Bakersfield residents who knew her well say it's impossible to list the myriad contributions Betty Younger made to the local community.

The longtime sculptor, philanthropist, supporter of established artists as well as those struggling to break through the canvas curtain, has died at the age of 88. 

"Betty was an extremely creative individual. She was a connoisseur of art and was heavily involved in the local arts community," said longtime Bakersfield attorney Timothy Lemucchi, who for decades practiced law alongside Younger's late husband, Milt Younger, who died in 2017.

As a team, the couple seemed to be unstoppable. Perennial champions of the local arts, local artists, the Bakersfield Symphony, and charities of all sorts, the pair believed giving back to the community was critical.

They opened the Younger Gallery in 2002, although the downtown art space really came into its own a few years later.

Numerous local artists and students have exhibited their works in the gallery over the years, including Mrs. Younger herself, a sculptress whose larger works can be seen in public and private spaces around town and beyond, including outside the Bank of America building where the gallery was located.

A few years ago, when Betty Younger realized she needed to step away from managing the gallery, Vicki Smart, an art teacher at Bakersfield High School, volunteered her time to curate the gallery for two years.

"They have been tremendous supporters of the local community ... beyond what people can imagine," Smart said Wednesday of the Youngers. "We lost a lot when we lost those two."

Smart recalls telling Betty Younger that the gallery must be willing to take chances, must be willing to exhibit edgy and challenging art that makes people think.

"Bakersfield can be conservative," Smart said. But Betty had the courage to highlight young artists who some might view as controversial.

Betty never wavered in her support, she said.

According to a 2014 profile in Bakersfield Life, Younger originally dreamed of becoming an architect, but social mores at the time dictated women focus their talents elsewhere.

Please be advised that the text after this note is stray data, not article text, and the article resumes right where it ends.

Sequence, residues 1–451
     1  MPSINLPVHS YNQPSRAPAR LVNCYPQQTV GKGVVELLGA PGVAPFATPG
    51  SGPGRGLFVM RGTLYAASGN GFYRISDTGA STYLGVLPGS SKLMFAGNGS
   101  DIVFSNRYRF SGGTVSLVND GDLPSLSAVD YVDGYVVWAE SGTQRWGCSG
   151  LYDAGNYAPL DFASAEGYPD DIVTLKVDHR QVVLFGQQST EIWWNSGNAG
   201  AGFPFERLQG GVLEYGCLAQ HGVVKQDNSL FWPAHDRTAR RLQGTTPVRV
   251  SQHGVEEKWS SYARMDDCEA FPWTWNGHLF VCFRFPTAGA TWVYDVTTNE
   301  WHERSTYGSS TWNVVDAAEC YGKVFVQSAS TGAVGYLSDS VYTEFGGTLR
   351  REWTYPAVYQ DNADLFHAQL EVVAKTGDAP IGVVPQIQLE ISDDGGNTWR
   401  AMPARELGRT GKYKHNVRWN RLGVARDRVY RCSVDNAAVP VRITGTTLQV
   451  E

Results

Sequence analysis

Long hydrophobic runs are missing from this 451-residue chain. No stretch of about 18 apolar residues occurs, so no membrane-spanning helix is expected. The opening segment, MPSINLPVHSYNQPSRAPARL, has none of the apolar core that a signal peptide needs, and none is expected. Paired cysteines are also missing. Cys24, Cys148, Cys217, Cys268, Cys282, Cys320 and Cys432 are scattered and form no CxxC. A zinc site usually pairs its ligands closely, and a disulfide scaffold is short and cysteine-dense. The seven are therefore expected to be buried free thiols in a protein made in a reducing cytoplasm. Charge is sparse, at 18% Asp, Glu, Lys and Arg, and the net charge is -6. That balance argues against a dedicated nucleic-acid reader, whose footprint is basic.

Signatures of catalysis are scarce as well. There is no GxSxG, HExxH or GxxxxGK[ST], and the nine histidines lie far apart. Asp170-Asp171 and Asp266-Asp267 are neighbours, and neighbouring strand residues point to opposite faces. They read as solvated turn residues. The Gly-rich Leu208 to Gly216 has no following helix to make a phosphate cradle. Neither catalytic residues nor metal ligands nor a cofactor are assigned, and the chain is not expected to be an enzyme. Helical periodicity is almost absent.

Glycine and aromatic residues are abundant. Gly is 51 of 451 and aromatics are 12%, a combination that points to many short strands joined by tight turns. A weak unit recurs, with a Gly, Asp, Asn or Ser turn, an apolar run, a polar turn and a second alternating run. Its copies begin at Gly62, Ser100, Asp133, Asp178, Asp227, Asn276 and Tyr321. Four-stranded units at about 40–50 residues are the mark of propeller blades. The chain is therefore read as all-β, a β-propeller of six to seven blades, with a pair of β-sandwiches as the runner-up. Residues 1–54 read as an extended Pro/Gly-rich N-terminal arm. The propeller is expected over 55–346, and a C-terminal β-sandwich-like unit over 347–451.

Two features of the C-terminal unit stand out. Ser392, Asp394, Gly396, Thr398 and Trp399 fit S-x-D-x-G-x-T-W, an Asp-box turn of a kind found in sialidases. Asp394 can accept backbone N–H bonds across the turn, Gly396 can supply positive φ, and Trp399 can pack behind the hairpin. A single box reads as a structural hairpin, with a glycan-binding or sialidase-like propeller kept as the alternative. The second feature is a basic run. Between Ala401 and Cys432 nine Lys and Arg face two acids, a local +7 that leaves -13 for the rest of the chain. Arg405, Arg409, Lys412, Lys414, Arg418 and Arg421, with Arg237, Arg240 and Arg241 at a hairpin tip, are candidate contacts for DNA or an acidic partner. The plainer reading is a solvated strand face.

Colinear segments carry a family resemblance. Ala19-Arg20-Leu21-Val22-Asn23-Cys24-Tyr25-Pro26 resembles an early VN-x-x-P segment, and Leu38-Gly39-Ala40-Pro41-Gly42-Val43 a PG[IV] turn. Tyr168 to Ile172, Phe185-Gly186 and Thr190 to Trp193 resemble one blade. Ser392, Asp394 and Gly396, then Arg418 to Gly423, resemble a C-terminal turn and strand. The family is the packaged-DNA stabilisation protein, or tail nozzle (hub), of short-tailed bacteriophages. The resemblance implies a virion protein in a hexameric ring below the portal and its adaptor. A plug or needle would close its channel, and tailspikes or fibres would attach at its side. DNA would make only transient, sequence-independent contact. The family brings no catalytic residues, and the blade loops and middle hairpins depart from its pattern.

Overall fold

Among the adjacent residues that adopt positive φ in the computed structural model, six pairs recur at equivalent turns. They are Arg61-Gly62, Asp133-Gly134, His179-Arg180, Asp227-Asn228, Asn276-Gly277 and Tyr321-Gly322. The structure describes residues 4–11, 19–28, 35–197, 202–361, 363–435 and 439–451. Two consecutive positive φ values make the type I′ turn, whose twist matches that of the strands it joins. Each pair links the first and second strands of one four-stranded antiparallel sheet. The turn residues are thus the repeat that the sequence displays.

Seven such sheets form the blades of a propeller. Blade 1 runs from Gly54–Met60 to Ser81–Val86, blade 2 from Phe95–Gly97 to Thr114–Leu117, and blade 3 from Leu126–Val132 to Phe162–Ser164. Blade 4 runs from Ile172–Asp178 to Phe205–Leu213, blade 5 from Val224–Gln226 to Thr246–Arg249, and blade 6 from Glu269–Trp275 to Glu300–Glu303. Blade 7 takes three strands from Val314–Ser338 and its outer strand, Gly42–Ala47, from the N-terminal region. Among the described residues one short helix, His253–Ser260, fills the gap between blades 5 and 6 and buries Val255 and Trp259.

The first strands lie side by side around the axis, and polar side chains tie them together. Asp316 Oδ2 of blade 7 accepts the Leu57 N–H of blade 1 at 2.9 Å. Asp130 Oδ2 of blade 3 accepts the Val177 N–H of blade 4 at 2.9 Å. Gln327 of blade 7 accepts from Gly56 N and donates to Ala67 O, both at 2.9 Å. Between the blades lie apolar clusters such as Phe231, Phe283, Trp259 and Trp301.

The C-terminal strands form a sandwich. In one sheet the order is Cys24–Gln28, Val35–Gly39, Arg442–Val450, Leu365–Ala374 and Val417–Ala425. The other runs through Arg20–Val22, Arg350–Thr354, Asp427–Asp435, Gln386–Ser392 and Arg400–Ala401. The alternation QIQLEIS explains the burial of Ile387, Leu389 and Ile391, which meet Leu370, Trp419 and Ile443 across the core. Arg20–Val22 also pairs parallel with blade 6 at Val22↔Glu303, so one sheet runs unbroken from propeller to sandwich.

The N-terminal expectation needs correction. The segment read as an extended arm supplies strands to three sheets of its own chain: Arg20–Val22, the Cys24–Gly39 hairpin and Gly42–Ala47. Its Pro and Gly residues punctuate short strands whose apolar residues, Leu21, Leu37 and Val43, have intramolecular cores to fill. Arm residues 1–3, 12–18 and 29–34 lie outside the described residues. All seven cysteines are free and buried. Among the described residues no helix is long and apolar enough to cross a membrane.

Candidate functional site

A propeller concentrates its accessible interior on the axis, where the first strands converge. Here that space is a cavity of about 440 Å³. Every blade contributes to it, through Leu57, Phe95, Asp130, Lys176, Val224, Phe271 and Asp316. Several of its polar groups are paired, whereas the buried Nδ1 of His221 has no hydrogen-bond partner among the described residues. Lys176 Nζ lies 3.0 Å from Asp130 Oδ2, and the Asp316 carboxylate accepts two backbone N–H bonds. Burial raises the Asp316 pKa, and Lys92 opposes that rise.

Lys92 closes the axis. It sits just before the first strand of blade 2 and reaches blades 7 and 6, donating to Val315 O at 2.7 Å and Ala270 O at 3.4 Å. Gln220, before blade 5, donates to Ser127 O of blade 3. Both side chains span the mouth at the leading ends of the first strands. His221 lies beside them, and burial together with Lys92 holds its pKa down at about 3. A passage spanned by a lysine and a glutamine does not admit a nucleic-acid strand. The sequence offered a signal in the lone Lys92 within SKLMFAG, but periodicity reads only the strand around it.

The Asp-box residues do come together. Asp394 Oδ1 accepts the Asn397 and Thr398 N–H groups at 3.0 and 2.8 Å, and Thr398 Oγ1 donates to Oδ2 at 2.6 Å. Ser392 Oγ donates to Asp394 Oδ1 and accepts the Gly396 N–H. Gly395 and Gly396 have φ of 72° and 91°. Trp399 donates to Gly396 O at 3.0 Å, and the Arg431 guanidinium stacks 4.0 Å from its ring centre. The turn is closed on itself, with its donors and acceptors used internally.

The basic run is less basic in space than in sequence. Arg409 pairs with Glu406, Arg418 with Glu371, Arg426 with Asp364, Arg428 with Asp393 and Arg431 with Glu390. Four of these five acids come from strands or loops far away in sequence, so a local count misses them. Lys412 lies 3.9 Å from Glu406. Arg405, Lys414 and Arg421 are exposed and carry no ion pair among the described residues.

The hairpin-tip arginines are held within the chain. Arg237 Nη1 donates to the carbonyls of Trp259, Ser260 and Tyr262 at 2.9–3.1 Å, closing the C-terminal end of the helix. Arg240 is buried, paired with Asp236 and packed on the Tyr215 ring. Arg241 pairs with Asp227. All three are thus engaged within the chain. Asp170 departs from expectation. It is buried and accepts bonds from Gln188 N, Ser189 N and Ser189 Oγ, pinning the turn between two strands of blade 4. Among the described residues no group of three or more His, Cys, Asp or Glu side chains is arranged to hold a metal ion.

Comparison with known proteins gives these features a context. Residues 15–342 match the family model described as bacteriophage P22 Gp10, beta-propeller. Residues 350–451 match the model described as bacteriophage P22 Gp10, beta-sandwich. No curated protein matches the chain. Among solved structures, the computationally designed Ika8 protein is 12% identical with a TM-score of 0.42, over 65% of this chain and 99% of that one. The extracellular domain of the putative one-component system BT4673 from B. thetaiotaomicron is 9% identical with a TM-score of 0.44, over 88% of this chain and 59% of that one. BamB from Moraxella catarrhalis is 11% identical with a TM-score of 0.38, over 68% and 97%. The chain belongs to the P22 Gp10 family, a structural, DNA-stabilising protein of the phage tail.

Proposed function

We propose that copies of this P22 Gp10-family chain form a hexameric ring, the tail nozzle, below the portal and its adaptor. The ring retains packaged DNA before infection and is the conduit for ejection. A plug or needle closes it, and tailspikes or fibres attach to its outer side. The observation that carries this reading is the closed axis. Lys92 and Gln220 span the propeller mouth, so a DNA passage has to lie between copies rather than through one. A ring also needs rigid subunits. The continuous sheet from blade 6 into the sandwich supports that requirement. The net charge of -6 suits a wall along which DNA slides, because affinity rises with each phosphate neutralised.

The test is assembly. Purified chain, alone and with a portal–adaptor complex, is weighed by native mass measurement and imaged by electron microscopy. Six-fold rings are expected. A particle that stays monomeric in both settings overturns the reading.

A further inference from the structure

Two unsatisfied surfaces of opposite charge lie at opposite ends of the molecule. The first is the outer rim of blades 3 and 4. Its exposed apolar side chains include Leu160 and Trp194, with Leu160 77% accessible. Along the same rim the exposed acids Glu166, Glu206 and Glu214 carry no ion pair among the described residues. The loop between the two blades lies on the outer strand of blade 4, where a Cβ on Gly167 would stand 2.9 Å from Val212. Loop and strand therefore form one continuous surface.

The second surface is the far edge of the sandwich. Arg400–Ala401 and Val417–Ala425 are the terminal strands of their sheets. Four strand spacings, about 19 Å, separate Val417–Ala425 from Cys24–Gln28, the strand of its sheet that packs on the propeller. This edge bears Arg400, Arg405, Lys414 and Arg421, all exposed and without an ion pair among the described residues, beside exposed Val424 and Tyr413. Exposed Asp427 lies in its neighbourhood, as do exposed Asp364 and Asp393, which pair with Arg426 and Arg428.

"So, like many women her age, Younger obtained degrees in art and a teaching credential and went into the classroom," wrote contributing writer Lisa Kimble.

Imagine the diminutive, impeccably coiffed Younger wearing a welding mask and working to sculpt an image from what started as a 1,200-pound steel pipe.

Reached Wednesday, Kimble was keenly aware of what the community has lost — yet also thankful for what the community has gained thanks to Betty and Milt Younger.

"Betty was small in stature, but a giant force of talent and community support," Kimble said in a text. "One would be hard-pressed to find an organization in town that hasn't been supported in some way by Betty and her late husband Milt. She loved Bakersfield and was passionate about public art."

Metro Galleries owner Don Martin said he met Milt and Betty Younger more than 25 years ago when he was gallery director at C.L. Clark Galleries.

"What struck me immediately about them was how committed they were to the arts," Martin recalled Wednesday. "They did so much for all areas of the local arts community, from the symphony to sponsoring exhibits and buying art — they were always there.

"Today when I heard of Betty’s passing I was saddened to think I won’t see her walk into my new gallery space when I open," Martin said. "She’s not only been a supporter and friend to me, she has also been one of the artists that I have represented."

When Martin opened Metro 12 years ago, Younger was the first person he reached out to, and the first local artist he asked to be exhibited in the new gallery.

Cal State Bakersfield President Lynnette Zelezny said in a statement Younger is a shining example for her "tireless support of artists, arts education and the development of our city’s cultural life."

The university, Zelezny said, "is deeply grateful for the friendship of Mrs. Younger and her late husband, Milt, particularly their generous support of the university’s Development Business Center. But appropriately, Mrs. Younger’s CSUB legacy will live on in her public art: the whimsical sculpture “Owl of Knowledge,” which brings smiles to the faces of students, faculty, staff and visitors every day.”

Many who lamented the loss of the Youngers on Wednesday wondered if we will ever see their like again.

"It’s the end of an era," Martin said. "I don’t think they make 'em like Milt and Betty anymore."

Steven Mayer can be reached at 661-395-7353. Follow him on Facebook and on Twitter: @semayerTBC.

(0) comments

Welcome to the discussion.

Keep it Clean. Please avoid obscene, vulgar, lewd, racist or sexually-oriented language.
PLEASE TURN OFF YOUR CAPS LOCK.
Don't Threaten. Threats of harming another person will not be tolerated.
Be Truthful. Don't knowingly lie about anyone or anything.
Be Nice. No racism, sexism or any sort of -ism that is degrading to another person.
Be Proactive. Use the 'Report' link on each comment to let us know of abusive posts.
Share with Us. We'd love to hear eyewitness accounts, the history behind an article.